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NCJ Number: 228713 Find in a Library
Title: Serious Emotional Disturbance Among Youths Exposed to Hurricane Katrina 2 Years Postdisaster
Journal: Journal of the American Academy of Child and Adolescent Psychiatry  Volume:48  Issue:11  Dated:November 2009  Pages:1069-1078
Author(s): Katie A. McLaughlin, Ph.D.; John A. Fairbank, Ph.D.; Michael J. Gruber, M.S.; Russell T. Jones, Ph.D.; Matthew D. Lakoma, M.P.H.; Betty Pfefferbaum, M.D., J.D.; Nancy A. Sampson, B.A.; Ronald C. Kessler, Ph.D.
Date Published: November 2009
Page Count: 10
Sponsoring Agency: Federal Emergency Management Agency (FEMA)
Washington, DC 20472
National Institute of Mental Health
Bethesda, MD 20852
National Institutes of Health
Bethesda, MD 20014
US Dept of Health and Human Services
Grant Number: R01 MH070884-01A2;R01 MH081832
Type: Research (Applied/Empirical)
Format: Article
Language: English
Country: United States of America
Annotation: This study examined the prevalence of serious emotional disturbance among children and adolescents exposed to Hurricane Katrina 2 years after the disaster.
Abstract: The estimated prevalence of serious emotional disturbance (SED) among children and adolescents exposed to Hurricane Katrina 18 to 27 months after the storm is approximately 15 percent. More than 80 percent of the children in the study sample were exposed to at least one hurricane-related stressor, and stress exposure was associated strongly with SED. Twenty percent of the youths with high stress exposure had hurricane-attributable SED. The death of a loved one had the strongest association with SED among prehurricane residents of New Orleans, whereas exposure to physical adversity had the strongest association in the remainder of the sample. Among children with stress exposure, parental psychopathology and poverty were associated with SED. The results of the study demonstrate that mental health problems among the youth exposed to Hurricane Katrina are common and widespread. A substantial need is demonstrated for youth mental health services in New Orleans and other affected Gulf Coast areas. The effects of Hurricane Katrina on New Orleans and affected Gulf Coast areas were unprecedented. In the first 3 to 6 months after a hurricane, more than 50 percent of children exposed to the disaster exhibit symptoms of posttraumatic stress disorder (PTSD), disruptive behavior, or other psychological manifestations. The objective of this study was to estimate the prevalence of SED among children and adolescents exposed to Hurricane Katrina along with the associations of SED with hurricane-related stressors, sociodemographics, and family factors 18 to 27 months after the hurricane. A sample of prehurricane residents of areas affected by Hurricane Katrina was administered in a telephone survey. Respondents provided information on up to 2 of their children (n=797) aged 4 to 17 years. Tables and references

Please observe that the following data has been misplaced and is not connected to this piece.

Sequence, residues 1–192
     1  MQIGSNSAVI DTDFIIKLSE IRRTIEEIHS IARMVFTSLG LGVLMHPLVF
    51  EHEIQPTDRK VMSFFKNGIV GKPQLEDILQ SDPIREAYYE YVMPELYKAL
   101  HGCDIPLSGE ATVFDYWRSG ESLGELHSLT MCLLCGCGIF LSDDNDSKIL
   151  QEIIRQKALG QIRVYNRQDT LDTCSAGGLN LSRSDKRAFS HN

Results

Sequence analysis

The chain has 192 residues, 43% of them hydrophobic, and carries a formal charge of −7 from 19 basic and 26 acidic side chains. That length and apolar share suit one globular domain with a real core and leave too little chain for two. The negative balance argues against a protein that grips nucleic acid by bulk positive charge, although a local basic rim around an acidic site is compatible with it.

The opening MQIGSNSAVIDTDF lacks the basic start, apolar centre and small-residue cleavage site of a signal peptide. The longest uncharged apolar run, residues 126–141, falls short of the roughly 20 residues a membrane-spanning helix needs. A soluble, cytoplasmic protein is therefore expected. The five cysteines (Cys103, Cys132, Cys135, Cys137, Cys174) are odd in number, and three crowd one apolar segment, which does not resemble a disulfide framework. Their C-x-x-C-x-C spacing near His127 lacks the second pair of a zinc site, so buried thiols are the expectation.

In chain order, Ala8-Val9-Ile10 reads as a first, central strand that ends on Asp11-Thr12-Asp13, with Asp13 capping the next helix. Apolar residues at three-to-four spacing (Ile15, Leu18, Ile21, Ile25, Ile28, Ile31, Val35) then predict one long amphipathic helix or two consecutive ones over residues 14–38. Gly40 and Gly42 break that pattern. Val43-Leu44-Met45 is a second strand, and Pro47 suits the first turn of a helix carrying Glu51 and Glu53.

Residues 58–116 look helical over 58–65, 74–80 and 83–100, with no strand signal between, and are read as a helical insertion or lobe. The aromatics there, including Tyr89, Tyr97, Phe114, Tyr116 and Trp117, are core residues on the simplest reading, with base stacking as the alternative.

Main Term(s): Emotional disorders
Index Term(s): Child victims; Mental health; Post-trauma stress disorder (PTSD); Psychological evaluation; Psychological victimization effects
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